Investigate the legal implications that result from forming, changing and terminating various types of family relationships.
Indicators for this outcome
(a) Analyze case studies to identify common legal requirements of a marriage (e.g., age, mental capacity, marital status, consanguinity) and common-law relationships in Saskatchewan and in other provinces of Canada.
(b) Examine how the definitions of family, marriage and cohabitation have evolved and continue to evolve through legislation and court decisions.
(c) Assess the complex interplay between cultural and/or religious customs, marriage laws and the Charter in terms of the legal status of a relationship (e.g., polygamy, polyamory, arranged marriages, marriage outside Canada).
(d) Evaluate the different contracts or agreements (e.g., cohabitation agreements, the division of family property, parenting arrangements, child and spousal support) that parties can enter into before, during or after a marriage or cohabitation relationship.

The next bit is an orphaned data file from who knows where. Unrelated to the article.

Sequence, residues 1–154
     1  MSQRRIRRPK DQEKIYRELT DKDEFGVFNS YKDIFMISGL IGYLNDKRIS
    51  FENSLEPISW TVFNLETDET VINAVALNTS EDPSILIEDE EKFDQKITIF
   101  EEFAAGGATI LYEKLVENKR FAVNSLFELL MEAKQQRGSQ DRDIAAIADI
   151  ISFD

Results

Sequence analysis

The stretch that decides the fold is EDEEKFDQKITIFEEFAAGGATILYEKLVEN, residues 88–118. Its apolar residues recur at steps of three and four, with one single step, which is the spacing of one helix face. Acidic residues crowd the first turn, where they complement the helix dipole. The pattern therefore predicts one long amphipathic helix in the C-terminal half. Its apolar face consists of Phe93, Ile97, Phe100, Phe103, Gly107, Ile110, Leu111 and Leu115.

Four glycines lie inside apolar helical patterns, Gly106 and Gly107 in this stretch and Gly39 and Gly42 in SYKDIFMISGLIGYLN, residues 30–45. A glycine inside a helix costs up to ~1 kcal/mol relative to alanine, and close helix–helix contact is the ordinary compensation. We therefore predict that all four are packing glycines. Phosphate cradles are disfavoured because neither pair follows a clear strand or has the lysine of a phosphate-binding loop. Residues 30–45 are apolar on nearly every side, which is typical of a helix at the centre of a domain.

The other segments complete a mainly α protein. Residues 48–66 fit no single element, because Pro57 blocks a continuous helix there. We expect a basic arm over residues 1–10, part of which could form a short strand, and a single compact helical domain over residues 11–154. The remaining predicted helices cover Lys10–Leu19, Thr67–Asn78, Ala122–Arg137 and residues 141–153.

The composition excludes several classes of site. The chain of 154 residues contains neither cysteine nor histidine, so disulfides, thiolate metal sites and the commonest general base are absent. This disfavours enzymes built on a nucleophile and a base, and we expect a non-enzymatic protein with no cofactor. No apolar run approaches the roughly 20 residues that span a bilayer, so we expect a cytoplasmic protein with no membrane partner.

(e) Assess the benefits and disadvantages of court orders, voluntary agreements or mediated settlements in the termination of family relationships.
(f) Examine the grounds for and legal implications of, separation, divorce and annulment.
(g) Describe the rights and responsibilities of parents and guardians and how family law protects the rights of children, including topics such as:
(h) Differentiate between past and present government policies and traditional Indigenous practices related to interventions into Indigenous families, such as adoption of Indigenous children, Sixties Scoop, residential schools, Jordan’s Principle and interactions with government agencies and programs.
(i) Analyze how family law affects families with differing societal values, cultural expectations and economic circumstances.